403. Non-HIV Care Utilization Among Young Adults And Its Association with Their Engagement And Adherence to HIV Care
Session: Poster Abstract Session: HIV Engagement in Care and the Care Cascade
Thursday, October 8, 2015
Room: Poster Hall
Posters
  • IDSA poster pdf.pdf (648.3 kB)
  • Background: Despite major advances in treatment options, only a minority of individuals with HIV have achieved viral suppression. The young adult (YA) population struggles with HIV management and has higher rates of non-adherence compared to older patients. Additionally, YA have the highest rates of new cases of HIV. The need for a better understanding of factors associated with inadequate viral load suppression is imperative.

    Methods: Retrospective review was performed on 137 patients 18-25 y/o and seen for HIV care at an urban academic county hospital during the first six months of 2012. Demographics, utilization, comorbidities, and labs from 2012-2014 was extracted from the EMR. We classified patients as engaged if they had an office visit in each half of the calendar year and suppressed if their viral load was < 400 copies/ml in each half of the year.

    Results: Engagement in care correlated with more ED visits, more hospitalizations (2014), and an identified mood disorder. Viral suppression correlated with mood disorder. Those engaged in care in 2012 were more likely to stay engaged in care and maintain viral suppression. Initial viral suppression correlated with future suppression. Demographic factors were not associated with outcomes of interest.

     

                     

    2012

    2013

    2014

    Engaged in Care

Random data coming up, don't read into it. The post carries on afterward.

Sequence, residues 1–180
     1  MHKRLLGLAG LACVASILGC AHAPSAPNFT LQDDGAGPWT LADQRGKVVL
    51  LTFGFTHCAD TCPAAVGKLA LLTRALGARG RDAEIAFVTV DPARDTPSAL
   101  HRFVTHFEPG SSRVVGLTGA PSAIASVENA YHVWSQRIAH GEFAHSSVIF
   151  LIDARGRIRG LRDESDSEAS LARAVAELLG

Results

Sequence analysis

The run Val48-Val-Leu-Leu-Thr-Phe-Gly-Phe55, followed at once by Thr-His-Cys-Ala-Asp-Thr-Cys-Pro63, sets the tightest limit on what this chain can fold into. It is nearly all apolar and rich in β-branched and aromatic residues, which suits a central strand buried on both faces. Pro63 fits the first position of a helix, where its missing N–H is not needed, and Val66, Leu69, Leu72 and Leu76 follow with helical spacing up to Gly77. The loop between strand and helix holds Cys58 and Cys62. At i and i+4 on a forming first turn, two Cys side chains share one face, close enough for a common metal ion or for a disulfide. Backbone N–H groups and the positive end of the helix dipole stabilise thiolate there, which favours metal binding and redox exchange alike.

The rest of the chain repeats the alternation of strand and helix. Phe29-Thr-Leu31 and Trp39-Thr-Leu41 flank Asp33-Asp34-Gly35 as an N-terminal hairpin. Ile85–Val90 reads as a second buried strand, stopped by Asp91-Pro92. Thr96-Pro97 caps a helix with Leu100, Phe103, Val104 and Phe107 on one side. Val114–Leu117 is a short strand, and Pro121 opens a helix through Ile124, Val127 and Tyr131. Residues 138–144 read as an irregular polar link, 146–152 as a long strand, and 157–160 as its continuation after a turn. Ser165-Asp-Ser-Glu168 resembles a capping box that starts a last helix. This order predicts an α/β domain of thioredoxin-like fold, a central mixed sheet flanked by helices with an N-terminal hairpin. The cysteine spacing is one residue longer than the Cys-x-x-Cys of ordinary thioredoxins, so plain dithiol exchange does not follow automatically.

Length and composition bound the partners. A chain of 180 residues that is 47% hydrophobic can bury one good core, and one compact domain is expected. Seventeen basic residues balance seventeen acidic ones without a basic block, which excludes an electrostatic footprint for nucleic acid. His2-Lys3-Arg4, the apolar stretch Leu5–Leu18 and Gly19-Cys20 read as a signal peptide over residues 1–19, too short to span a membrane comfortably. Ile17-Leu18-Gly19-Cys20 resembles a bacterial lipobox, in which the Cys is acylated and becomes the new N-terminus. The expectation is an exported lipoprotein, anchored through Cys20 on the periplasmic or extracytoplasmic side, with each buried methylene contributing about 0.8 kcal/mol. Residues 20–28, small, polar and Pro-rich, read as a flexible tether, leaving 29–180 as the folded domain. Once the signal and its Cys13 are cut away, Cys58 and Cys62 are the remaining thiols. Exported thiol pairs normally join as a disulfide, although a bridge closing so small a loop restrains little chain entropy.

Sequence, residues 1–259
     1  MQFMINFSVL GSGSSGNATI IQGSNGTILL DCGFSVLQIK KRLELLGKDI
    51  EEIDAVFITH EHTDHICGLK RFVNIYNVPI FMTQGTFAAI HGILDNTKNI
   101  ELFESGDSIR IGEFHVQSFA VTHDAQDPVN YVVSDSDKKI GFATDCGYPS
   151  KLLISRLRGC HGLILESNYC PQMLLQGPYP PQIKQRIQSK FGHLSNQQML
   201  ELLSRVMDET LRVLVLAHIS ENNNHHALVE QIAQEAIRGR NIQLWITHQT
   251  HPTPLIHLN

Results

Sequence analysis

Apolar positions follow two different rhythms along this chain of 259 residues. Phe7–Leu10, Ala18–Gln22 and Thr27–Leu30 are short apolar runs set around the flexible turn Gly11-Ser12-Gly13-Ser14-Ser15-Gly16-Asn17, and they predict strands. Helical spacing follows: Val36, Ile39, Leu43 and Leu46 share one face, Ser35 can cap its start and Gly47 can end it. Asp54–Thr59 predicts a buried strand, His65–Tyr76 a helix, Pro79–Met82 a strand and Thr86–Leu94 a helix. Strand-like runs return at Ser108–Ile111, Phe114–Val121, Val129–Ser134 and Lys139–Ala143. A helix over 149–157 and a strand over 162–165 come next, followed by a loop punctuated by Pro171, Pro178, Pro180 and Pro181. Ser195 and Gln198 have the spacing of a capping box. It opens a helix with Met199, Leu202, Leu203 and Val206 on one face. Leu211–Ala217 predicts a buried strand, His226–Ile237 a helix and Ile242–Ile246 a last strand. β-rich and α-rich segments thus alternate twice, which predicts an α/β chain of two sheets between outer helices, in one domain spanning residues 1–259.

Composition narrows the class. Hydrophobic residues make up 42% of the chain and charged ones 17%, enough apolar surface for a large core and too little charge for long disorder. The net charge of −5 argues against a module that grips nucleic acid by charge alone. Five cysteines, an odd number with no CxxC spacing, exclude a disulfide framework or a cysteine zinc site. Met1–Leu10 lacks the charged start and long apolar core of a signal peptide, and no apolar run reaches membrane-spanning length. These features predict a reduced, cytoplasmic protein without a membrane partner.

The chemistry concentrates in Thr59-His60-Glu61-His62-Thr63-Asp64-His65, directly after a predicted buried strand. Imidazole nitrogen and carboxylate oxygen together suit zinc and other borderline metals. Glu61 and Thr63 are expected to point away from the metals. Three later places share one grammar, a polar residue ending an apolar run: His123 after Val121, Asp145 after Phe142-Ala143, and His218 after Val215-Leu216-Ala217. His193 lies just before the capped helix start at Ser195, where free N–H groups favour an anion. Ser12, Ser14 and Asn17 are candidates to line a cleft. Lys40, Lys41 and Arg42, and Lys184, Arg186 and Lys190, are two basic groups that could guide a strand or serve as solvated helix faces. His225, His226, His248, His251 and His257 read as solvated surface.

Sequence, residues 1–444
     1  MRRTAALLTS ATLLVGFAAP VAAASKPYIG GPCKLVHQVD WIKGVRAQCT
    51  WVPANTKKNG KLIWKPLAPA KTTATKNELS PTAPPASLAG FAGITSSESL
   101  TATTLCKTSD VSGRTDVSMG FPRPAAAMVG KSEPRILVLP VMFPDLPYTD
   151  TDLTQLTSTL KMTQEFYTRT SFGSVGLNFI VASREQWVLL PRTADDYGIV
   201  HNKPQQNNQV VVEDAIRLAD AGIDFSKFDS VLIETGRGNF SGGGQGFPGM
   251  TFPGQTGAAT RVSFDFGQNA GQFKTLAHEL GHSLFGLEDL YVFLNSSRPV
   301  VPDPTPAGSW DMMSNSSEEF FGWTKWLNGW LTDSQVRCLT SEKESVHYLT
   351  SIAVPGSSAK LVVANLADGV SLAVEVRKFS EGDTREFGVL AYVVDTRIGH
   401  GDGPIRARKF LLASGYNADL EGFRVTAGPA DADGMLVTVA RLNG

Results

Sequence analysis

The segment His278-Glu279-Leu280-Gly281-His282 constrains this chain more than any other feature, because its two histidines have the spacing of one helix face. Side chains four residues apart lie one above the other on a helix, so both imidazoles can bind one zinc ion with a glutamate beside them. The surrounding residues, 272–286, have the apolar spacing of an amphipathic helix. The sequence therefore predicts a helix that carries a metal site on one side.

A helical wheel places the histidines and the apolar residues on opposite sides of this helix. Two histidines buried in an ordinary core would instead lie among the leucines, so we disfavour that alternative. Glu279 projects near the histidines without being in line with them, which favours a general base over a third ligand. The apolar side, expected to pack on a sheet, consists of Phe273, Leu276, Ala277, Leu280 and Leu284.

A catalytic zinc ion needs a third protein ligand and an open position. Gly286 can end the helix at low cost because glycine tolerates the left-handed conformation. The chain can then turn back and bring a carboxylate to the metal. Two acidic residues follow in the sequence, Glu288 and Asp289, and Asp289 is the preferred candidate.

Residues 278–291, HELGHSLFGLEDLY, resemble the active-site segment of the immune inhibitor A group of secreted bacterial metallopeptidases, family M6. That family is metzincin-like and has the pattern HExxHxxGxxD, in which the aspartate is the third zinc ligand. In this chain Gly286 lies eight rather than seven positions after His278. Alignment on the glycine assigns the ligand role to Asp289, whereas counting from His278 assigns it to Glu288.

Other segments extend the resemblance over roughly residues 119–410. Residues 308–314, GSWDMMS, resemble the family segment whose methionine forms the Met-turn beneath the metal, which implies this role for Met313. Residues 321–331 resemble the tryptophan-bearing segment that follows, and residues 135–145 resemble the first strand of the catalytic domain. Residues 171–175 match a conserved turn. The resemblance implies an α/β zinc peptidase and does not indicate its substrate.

p-value

     p-value

     p-value

    ED Visits

    .007

    .033

    .051

    Inpatient Encounters

    .143

    .092

    .030

    Mood disorders

    .003

    .007

    .000

    Virally Suppressed

     

     

     

    ED Visits

    .198

    .247

    .172

    Inpatient Encounters

    .072

    .145

    .199

    Mood disorders

    .012

    .004

    .000

    Conclusion: Patients seen regularly were more likely to have an identified mood disorder, visit the ED, and be admitted. This suggests that some HIV+ YA utilize the healthcare system as a whole more frequently. Future studies could target incentivizing clinic visits and its effect on viral suppression. This data also identifies the ED as another significant opportunity for intervention and education of YA with HIV.

    Leila Hojat, MD, MetroHealth Medical Center and Case Western Reserve University School of Medicine, Cleveland, OH, Steven Lewis, MS, MBA, MetroHealth Medical Center, Cleveland, OH and Ann Avery, MD, Medicine, MetroHealth Medical Center and Case Western Reserve University School of Medicine, Cleveland, OH

    Disclosures:

    L. Hojat, None

    S. Lewis, None

    A. Avery, None

    Findings in the abstracts are embargoed until 12:01 a.m. PDT, Wednesday Oct. 7th with the exception of research findings presented at the IDWeek press conferences.